The Weekly Mind Reader: Food-Drug Interactions

by Staff Writer
June 2, 2023 at 11:05 AM UTC

minor ear anomalies are more common in people with depressive order.

Food-drug interactions tend to fly under the radar in clinical settings. However, their impact can be quite significant. The wrong mix of foods and medication can lead to drug failure and pseudo-resistance with potentially serious reactions.

A recent The Primary Care Companion for CNS Disorders paper served up some good reminders and clinical hacks related to the kind of problems that can arise with a food-drug interaction.

Food-Drug Interactions to Keep in Mind

  • While taking some medications after eating improves their efficacy, others perform better on an empty stomach. For example, taking lurasidone with a 350-calorie meal enhances absorption, while absorption drops by up to 70 percent without food. On the other hand, eating delays the release of z-hypnotics and dual orexin receptor antagonist inhibitors by 1 to 2 hours, which may be impractical for insomniac patients
  • High-fat meals cause the extended-release capsule of the depression drug quetiapine XR to rapidly release its dose, increasing the risk of oversedation and orthostasis. Likewise, a high fiber diet can cause a decrease in the absorption of tricyclic antidepressants. Additionally, patients on low sodium diets may reabsorb more lithium, increasing its levels in the body.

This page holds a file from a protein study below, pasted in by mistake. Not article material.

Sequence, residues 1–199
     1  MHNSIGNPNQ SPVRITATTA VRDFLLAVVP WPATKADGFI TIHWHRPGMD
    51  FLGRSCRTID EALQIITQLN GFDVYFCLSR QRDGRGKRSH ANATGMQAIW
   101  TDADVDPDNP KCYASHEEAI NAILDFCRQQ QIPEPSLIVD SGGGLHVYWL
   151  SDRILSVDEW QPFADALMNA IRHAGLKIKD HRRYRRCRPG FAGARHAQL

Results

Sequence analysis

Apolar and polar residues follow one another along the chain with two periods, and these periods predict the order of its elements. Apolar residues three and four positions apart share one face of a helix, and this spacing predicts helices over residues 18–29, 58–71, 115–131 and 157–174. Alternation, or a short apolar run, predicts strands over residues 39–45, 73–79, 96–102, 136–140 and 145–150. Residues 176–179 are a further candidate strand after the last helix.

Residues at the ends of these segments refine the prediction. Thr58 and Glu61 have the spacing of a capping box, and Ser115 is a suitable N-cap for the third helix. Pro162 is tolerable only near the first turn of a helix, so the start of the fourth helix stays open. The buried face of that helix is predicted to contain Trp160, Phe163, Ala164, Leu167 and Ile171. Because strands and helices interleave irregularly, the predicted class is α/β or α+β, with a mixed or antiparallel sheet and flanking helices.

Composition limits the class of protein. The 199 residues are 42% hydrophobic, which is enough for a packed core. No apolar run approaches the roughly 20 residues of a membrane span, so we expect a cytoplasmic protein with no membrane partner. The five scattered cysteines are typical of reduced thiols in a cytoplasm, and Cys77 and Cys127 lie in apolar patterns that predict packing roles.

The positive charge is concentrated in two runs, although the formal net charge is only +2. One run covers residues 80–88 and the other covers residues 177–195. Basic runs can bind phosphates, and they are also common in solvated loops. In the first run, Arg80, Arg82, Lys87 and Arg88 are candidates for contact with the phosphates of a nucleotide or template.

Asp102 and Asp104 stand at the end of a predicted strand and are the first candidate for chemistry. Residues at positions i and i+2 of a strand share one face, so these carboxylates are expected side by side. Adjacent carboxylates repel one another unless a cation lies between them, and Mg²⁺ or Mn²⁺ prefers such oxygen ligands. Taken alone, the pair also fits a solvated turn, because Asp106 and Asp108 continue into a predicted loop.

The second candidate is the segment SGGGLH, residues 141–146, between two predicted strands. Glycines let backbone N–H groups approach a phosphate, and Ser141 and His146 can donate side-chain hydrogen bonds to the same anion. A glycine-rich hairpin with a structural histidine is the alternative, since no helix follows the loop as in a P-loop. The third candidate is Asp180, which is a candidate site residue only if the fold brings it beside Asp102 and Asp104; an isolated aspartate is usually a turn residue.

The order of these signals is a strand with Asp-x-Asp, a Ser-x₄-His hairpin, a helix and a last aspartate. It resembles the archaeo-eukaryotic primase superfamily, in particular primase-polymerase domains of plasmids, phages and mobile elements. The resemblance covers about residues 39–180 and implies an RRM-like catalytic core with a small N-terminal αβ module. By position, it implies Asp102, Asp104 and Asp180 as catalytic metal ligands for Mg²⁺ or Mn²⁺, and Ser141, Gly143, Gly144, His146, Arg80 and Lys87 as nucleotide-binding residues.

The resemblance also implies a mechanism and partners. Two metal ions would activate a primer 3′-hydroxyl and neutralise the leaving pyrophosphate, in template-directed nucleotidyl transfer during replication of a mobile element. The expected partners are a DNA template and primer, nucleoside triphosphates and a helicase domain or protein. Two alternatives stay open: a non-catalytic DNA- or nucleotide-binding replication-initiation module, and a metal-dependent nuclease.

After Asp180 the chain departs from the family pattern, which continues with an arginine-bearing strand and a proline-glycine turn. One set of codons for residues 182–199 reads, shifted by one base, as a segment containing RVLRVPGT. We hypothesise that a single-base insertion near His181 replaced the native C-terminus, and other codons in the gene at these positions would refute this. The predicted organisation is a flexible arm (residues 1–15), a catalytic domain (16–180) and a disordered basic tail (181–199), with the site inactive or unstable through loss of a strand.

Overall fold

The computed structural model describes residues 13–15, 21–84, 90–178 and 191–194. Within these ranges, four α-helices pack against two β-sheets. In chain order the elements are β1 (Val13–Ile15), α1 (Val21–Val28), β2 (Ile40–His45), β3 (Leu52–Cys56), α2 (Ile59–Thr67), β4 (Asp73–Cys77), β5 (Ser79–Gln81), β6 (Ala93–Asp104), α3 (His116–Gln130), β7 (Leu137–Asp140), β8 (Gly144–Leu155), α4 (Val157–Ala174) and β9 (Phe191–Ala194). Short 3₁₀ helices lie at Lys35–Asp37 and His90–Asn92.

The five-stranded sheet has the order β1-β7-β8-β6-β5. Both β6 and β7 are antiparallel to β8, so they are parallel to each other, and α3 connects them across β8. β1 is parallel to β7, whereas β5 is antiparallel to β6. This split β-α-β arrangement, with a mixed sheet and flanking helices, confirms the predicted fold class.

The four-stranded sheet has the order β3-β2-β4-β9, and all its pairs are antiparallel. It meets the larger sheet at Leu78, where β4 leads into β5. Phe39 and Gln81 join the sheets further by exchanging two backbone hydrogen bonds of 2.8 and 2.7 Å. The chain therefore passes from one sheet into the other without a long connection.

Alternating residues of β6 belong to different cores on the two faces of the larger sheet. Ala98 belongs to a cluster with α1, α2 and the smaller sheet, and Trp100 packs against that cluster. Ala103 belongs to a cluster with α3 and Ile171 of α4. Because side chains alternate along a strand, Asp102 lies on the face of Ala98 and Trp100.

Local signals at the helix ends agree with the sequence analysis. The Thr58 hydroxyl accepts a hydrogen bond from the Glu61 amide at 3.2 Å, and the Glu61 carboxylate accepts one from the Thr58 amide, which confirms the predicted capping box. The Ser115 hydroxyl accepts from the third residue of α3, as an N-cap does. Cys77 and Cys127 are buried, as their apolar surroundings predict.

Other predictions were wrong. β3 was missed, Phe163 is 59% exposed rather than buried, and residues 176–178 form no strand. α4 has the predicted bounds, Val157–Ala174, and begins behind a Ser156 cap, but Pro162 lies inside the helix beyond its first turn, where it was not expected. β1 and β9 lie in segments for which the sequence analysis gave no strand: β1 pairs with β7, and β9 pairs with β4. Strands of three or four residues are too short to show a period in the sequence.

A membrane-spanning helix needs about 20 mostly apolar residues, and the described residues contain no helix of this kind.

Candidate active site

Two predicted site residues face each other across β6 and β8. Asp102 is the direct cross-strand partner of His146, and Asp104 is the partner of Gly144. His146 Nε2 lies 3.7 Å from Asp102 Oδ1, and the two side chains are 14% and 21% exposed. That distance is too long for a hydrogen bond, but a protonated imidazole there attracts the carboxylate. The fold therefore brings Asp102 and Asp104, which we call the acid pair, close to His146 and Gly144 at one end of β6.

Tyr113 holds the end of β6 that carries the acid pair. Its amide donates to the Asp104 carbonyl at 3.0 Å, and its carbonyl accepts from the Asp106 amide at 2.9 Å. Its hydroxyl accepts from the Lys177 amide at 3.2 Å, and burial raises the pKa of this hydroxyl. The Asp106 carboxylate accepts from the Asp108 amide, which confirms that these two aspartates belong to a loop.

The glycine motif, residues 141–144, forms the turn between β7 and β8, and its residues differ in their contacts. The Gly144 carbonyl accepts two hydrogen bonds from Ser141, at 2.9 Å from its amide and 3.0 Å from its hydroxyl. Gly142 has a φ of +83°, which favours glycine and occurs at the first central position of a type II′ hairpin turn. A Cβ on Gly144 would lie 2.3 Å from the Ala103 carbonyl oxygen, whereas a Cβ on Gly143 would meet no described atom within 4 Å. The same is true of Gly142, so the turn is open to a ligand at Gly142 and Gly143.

• Some foods can have completely opposite effects. Veggies such as broccoli, Brussels sprouts, cabbage, cauliflower and arugula plus char grilled meats increase the activity CYP1A2, an enzyme involved in drug metabolism. Caffeine will do the same. However,  produce such as carrots, celery, coriander, cumin, and parsley will have an inhibitive effect. 
  • Alcohol can have a particularly potent impact on how a medication works. Even a single cocktail can strengthen the effects of certain drugs that slow down the central nervous system. Imbibing can also lead to disulfiram reactions characterized by symptoms like headache and flushing.
  • And of course, grapefruit has famously potent effects on a wide variety of medications from anticoagulants to statins to immunosuppressants. By inhibiting the intestinal enzyme CYP3A4, the drug reduces metabolism, resulting in increased drug levels in the bloodstream and a prolonged presence in the body.

The authors stressed that their list is by no means exhaustive. “… prescribers are urged to consult national formularies when in doubt,” they wrote. 

And, as our tweet of the week demonstrates, ignore food-drug interactions at your patients’ peril.  



It’s not too late to join the Emerging Perspectives in Psychiatry meeting in New York City on June 24. Book your seat now to earn free 5.0 CME credits and learn from leading experts on schizophrenia, ADHD, addiction, MDD, and PPD.

Clinical and Practical Psychopharmacology

Image of Exercise and Health Part 3

Physical Exercise and Health, 3: The Health Care Professional and Patient’s Guide to Understanding What to Do, How, and Why—Part 1

Dr Andrade gives practical guidance on aspects of exercise, with a focus on current and future health and longevity.

Chittaranjan Andrade

Case Report

Image of Solitary Confinement Psychopathological Effects

Solitary Confinement in Prison Systems and Future Psychopathological Effects

There appears to be a correlation between solitary confinement and mental illness with variable effects based on underlying history, length of confinement, and treatment during confinement.

Gurtej Gill and others